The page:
Why Xóchitl and not Karime?
This is the question asked by many Mexicans who swear that the arrest and trial of former Veracruz Gov. Javier Duarte de Ochoa was drafted and crafted by President Enrique Peña Nieto himself. But, who is Karime and who is Xóchitl?
Karime Macías is Duarte’s legal wife. She ruled Veracruz as first lady for six years and enjoys full freedom regardless of the fact that many claim she masterminded many of Duarte’s swindles. Yet she faced no charges at all when Duarte was arrested in Guatemala and three weeks ago extradited to Mexico City’s North Side Prison. She now lives in London with their three children and has filed for divorce. She is said to be in possession of all the monies her husband stole.
During the second appearance before a judge, it was revealed by former friend and now accuser of Duarte de Ochoa, Juan José Rodríguez Janeiro, had spilled the beans as to the fact that besides the many swindling charges Duarte was accused of, he had also been unfaithful to his wife Karime with a widower named Dominga Xóchitl Tress Rodríguez, who since 2014 was appointed to the post of director of the Veracruz Institute for Educational Spaces. Besides, she shared part of the ill-gotten money as Duarte gave her two gifts: an apartment at the plush and fashionable Santa Fe area in Mexico City and a Land Rover van.
Besides being a government official, Xóchitl earned the moniker of “The Merry Widow” as her husband Gregorio Barradas of the National Action Party (PAN) was gunned down and murdered a few days after he became mayor of the Juan Rodríguez Clara municipality in 2010.
Reports — and sheer gossip — are that Xóchitl got her “Merry Widow” nickname because of her uninhibited behavior in several sexual scandals with politicians and musicians that made the gossip pages of newspapers and, of course, the social networks filled with photos of her misbehaving.
Yet she cooled down when she got her post at the Institute for Educational Spaces, a post she managed to keep for nine months because by 2015 Karime Macías heard all about her husband’s affair with Xóchitl, who was fired by Duarte from her job immediately.
Xalapa, the Veracruz state capital, was full with gossip on this while it was going on but apparently Duarte continued the affair – motive apparent for Karime filing for divorce – and moved to her Santa Fe apartment.
Last Monday Xóchitl Tress was arrested near Puerto Vallarta and arraigned in a Veracruz state prison for two years without the right to bail. On this charge – excessive by all means – it must be pointed out that Javier Duarte de Ochoa was arraigned for six months.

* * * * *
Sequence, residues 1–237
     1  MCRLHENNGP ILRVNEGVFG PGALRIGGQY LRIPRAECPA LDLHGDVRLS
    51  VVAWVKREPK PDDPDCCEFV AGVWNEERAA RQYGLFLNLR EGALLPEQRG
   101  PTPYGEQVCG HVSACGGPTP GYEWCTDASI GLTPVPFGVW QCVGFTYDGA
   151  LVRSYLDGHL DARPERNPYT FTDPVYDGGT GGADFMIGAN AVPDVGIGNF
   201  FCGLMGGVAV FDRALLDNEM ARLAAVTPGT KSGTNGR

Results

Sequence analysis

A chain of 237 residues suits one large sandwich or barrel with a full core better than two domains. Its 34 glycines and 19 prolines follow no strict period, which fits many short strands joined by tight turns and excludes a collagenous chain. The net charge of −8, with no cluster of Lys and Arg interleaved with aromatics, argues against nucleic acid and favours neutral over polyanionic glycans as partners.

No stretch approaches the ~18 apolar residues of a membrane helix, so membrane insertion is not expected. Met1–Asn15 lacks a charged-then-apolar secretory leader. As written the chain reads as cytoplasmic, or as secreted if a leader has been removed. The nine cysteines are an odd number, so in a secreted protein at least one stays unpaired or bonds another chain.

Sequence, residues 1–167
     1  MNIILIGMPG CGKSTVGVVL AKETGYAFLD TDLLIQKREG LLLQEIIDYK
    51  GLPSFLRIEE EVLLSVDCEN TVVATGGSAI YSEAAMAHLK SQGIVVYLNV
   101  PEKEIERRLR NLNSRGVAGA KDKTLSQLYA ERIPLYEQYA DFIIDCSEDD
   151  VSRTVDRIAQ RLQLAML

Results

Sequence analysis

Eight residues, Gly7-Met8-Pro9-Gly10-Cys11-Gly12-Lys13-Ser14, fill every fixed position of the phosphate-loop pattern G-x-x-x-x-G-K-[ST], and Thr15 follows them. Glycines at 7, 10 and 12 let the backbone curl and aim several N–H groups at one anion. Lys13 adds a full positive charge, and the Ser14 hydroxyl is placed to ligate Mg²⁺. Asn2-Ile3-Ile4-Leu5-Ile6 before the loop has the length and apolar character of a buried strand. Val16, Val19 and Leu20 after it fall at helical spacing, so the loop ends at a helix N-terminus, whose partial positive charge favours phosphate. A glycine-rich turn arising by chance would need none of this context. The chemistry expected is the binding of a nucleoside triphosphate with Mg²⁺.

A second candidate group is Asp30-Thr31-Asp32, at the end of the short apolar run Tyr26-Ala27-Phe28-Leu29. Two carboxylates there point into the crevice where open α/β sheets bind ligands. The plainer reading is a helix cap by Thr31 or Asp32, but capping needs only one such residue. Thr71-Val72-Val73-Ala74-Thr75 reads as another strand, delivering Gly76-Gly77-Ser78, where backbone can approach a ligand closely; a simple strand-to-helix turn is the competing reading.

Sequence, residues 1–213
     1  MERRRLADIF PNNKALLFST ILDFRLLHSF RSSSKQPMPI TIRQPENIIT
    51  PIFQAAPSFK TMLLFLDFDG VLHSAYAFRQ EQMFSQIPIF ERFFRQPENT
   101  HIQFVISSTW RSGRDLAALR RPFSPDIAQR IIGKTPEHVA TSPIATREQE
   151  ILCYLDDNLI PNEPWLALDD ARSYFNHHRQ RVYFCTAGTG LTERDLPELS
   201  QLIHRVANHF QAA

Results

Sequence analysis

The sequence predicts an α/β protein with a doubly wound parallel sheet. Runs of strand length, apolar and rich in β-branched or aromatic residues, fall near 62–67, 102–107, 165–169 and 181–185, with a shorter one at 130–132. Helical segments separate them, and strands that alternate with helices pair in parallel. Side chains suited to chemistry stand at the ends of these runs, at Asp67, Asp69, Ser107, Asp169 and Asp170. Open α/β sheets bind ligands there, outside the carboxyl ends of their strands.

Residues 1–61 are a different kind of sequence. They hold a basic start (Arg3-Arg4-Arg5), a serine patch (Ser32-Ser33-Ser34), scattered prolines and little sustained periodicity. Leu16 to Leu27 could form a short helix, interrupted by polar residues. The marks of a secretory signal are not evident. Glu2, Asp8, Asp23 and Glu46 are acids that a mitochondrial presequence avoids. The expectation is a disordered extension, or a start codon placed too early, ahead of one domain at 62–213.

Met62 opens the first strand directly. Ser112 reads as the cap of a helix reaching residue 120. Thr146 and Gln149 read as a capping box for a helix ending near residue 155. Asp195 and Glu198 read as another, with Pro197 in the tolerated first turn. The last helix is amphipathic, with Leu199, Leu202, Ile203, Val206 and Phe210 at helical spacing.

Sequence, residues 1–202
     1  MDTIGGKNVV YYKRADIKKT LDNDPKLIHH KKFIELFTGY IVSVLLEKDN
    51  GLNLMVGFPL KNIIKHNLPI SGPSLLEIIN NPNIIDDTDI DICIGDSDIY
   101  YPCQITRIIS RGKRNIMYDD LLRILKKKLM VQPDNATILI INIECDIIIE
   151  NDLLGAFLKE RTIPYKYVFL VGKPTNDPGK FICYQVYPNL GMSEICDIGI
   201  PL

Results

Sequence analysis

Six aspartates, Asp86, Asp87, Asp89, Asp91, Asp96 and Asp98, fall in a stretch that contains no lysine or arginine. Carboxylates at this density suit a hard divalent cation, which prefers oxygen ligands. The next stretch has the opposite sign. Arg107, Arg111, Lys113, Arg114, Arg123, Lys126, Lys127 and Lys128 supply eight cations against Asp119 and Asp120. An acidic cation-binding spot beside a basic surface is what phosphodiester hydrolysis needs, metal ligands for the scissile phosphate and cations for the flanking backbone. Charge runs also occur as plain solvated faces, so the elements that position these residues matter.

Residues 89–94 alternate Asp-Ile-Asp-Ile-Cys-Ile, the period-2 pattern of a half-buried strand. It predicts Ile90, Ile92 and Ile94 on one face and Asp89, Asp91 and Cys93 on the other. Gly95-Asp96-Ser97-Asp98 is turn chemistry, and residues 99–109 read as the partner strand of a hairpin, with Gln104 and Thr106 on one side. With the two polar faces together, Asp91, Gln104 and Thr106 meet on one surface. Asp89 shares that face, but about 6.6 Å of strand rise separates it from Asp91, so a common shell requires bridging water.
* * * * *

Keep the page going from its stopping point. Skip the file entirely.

In all this, Karime Macías has been accused by current Veracruz Gov. Miguel Ángel Yunes of being the real beneficiary of Duarte’s many thefts of public funds, and Yunes has even made public a hand written notebook filled with her handwriting in which she says “I deserve all this” meaning the immense wealth her husband had amassed.
Now, back to the initial question: Why Xóchitl and not Karime?
In the eyes of everyone in Mexico, Javier Duarte is receiving special treatment directly from President Enrique Peña Nieto, who is said to be the author of this real life novella. Let’s not forget that back when Duarte became governor of Veracruz in 2011, then presidential candidate Enrique Peña Nieto called him “the new face of the Institutional Revolutionary Party (PRI)” and nicer things.
Since the extradition procedures a few months ago, it was clear that Karime Macías had been exonerated from any wrong doing “by the grace of God”, as pundits put it when a Mexican president meddles into an affair of interest, and surely Karime will go unscathed from all this political quagmire.
But the “punishment” to Xóchitl for having received gifts — she’s never denied it — from Javier Duarte de Ochoa is both brutal and unwarranted and a show of injustice on the part of President Peña Nieto himself, who, again (this is not just this writer assuring it) is seen as the man behind the “go-easy-on-Duarte” approach to justice.
Perhaps this maybe answers the question of why Xóchitl, and not Karime.